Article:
Three reasons why next-generation manufacturing needs digital twins

From new product design and prototyping to predictive analytics and maintenance, digital twins are transforming how manufacturers operate. This article looks at ways in which manufacturing companies can harness the potential of digital twin technology to drive innovation, enhance customer satisfaction, and optimize factory operations.

With data exchange and automation taking center stage across core manufacturing processes, there is increasingly a need to harness real-time data to drive significant business outcomes. The manufacturing value chain can significantly benefit from the proliferation of Industry 4.0 technologies, which constitute cyber-physical systems driven by industrial IoT (IIoT), advanced analytics, and cognitive technologies. In today’s business environment, where manufacturers are reeling under Volatility, Uncertainty, Complexity, and Ambiguity (VUCA), how does Industry 4.0 translate to business success?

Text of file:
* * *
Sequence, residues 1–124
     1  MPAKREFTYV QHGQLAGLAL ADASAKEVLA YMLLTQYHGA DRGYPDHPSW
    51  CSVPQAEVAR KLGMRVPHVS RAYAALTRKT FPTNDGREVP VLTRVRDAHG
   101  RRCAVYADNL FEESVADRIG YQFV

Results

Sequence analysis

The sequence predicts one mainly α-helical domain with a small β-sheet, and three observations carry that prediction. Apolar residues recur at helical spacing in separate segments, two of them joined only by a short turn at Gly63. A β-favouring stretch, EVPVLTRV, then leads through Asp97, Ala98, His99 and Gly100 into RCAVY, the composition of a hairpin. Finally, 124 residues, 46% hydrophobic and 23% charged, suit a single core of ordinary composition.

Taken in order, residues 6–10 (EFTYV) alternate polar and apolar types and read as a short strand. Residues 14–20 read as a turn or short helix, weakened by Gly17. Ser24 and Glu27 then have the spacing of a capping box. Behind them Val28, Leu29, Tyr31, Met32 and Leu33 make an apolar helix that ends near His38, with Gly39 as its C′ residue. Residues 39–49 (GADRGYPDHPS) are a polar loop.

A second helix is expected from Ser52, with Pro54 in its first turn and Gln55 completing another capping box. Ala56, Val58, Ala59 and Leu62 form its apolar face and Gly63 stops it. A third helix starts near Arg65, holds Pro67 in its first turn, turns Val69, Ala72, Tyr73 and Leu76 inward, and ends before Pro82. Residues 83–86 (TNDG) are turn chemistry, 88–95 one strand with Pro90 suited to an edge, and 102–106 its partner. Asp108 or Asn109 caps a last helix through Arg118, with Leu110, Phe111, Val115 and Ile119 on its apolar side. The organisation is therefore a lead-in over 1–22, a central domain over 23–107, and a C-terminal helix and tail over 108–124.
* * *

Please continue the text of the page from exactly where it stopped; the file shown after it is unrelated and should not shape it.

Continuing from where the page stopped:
Enter digital twins. Been around as a concept since 2002, it has piqued the interest of leading manufacturers across sectors in the last couple of years. But what are digital twins? They can be understood as virtual models of a product or service, facilitating the convergence of the physical and digital worlds.

The digital twin market shall cross the USD 20 billion mark by 2025, according to some reports. That does not come as a surprise since leaders in the manufacturing space are already employing digital twins for new product design and prototyping.